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The Role of Scaffolding in Writing a Long Novel

935292dc3777a442bfac1862e7690561I’m currently 250,000 words into a novel that looks like it will go to 300,000 words. It could go as long as one of my favorite novels, Anna Karenina.

Since my longest published novel to date (A Truth Stranger Than Fiction) is only 90,000 words, the novel-in-progress will likely end up being three times as long.

While writing the current novel, about every 80,000 words I’ve had to stop and erect what I call scaffolding: outlines and sketches of remaining scenes, characters, plot arcs, etc.

When adding rooms on to a house or another large structure, builders will often erect scaffolding because it gives them a staging area from which to work—a place to accumulate materials, and a stable setting from which to knock holes in the current structure, etc.

Up to now, I’ve hated having to do this drudge work. I’ve hated losing writing days erecting temporary organizational structures that won’t appear in the final book.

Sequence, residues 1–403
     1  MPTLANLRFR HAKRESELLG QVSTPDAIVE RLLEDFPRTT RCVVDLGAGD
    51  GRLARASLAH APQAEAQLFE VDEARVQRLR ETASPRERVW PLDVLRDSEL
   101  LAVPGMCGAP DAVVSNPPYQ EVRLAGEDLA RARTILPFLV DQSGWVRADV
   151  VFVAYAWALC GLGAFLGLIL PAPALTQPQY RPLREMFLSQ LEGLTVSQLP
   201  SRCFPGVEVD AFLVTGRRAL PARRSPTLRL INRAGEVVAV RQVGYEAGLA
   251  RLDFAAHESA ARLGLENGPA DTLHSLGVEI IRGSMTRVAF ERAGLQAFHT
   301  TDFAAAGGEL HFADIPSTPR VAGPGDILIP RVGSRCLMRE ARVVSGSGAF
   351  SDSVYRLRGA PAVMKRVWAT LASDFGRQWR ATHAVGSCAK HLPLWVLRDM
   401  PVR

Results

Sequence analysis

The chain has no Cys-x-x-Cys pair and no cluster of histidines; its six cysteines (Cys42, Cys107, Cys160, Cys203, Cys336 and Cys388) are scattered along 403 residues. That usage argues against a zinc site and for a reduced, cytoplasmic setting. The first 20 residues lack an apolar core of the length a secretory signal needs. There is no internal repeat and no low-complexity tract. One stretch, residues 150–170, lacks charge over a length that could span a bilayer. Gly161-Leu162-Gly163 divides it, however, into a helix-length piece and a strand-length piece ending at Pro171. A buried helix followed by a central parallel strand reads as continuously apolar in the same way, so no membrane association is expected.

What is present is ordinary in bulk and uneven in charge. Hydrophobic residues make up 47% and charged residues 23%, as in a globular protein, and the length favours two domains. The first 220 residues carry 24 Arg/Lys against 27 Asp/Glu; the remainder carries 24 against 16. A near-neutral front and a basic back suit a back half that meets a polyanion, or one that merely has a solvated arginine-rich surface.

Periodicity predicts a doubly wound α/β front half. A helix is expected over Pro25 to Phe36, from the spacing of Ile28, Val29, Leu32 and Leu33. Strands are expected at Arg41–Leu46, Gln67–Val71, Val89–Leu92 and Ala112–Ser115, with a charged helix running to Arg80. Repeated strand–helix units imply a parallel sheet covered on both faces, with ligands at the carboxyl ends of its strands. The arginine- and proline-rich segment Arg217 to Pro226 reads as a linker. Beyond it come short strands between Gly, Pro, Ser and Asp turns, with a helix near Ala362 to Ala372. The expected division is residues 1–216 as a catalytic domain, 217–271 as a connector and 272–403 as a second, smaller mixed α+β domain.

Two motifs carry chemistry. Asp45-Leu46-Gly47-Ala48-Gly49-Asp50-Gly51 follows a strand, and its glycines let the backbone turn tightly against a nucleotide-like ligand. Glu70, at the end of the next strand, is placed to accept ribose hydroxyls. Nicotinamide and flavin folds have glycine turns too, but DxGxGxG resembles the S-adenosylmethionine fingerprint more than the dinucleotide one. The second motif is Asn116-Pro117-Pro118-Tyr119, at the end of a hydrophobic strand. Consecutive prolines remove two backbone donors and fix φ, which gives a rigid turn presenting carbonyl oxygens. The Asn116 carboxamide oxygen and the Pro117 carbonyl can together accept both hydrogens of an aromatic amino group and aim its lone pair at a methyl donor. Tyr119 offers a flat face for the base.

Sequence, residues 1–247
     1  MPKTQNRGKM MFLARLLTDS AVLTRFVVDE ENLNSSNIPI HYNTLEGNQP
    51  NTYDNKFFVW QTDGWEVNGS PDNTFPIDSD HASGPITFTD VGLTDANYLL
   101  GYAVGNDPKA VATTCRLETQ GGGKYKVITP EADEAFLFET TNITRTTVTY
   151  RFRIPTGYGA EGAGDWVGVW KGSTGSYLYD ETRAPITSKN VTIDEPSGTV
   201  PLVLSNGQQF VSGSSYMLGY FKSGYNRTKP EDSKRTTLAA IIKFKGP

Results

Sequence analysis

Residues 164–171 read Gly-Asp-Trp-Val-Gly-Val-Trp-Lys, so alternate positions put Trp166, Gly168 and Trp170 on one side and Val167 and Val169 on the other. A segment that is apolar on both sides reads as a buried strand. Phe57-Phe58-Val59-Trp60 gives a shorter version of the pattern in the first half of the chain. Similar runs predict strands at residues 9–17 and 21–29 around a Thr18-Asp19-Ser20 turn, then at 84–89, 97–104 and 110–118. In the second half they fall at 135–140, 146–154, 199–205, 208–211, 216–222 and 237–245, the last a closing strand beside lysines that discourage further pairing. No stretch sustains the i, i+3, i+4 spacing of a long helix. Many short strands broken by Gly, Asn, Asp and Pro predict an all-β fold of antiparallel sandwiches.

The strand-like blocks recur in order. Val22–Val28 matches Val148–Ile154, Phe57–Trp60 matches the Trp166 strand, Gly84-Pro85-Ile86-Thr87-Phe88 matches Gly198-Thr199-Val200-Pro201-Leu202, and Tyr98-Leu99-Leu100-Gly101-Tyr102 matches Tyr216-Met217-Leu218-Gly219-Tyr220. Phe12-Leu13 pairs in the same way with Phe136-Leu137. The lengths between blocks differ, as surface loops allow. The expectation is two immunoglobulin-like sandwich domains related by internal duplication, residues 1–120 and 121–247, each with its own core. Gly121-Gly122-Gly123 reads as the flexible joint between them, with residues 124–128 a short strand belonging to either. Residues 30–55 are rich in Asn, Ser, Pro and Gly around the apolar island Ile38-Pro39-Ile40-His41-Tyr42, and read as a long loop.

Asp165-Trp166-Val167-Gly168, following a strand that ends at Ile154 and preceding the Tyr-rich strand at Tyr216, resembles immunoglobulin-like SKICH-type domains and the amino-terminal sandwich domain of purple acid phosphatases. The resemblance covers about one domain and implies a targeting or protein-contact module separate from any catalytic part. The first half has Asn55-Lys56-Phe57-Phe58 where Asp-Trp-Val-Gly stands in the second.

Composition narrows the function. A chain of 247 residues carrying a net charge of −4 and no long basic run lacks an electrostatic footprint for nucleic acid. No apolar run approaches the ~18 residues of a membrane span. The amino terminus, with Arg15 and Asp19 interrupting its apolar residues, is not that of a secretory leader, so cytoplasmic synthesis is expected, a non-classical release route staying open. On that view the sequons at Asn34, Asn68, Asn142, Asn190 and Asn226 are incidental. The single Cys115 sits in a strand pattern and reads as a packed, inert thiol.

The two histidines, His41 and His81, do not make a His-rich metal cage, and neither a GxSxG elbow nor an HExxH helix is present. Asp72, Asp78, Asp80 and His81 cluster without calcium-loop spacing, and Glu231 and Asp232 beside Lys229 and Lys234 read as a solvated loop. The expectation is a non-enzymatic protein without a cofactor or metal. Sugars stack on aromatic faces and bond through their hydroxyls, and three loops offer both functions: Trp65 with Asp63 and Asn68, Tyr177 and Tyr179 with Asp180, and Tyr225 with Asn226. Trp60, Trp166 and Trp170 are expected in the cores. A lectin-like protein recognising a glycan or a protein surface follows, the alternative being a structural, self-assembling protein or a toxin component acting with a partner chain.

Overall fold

But this weekend, while finishing what I think will be the last scaffolding work for this novel, I realized the benefit scaffolding offers me: It makes the remaining writing much more efficient, because I don’t have to spend time groping in the dark, wondering where to go next with the novel.

scaffold-14253_960_720Whether you’re writing a very long novel or one of more standard length (60,000-80,000 words), here’s how to erect scaffolding for the remaining pages of your novel:

  1. Make a simple list of all the chapters and/or major scenes and sequences (sets of scenes that work together) yet to write. Give each chapter, scene or sequence a simple title: e.g., “JANE’S BIRTHDAY” or “GRADUATION CEREMONY.”
  2. Once you have this list, put each title at the top of a blank page (on your computer or a legal pad).
  3. On each page, list all of the images, characters, ideas, dialogue, etc. that you would like to appear in that chapter/scene/sequence. Close your eyes and try to see the scene in your mind as a movie, and write down the elements of the movie as they play in your mind.
  4. When you finish a first draft of this process, put the work away and return to it in a day or two. Read through your draft, seeing it as a movie in your mind, and try to see it in more detail the next time through, adding details as they occur to you.
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By Chris Orcutt

Writer — The Dakota Stevens Mystery Series, Short fiction, Plays — Editor & Speechwriter for Hire — Avid Golfer, Chess Player & Awesome Wood-Splitter — Twitter: @chrisorcutt

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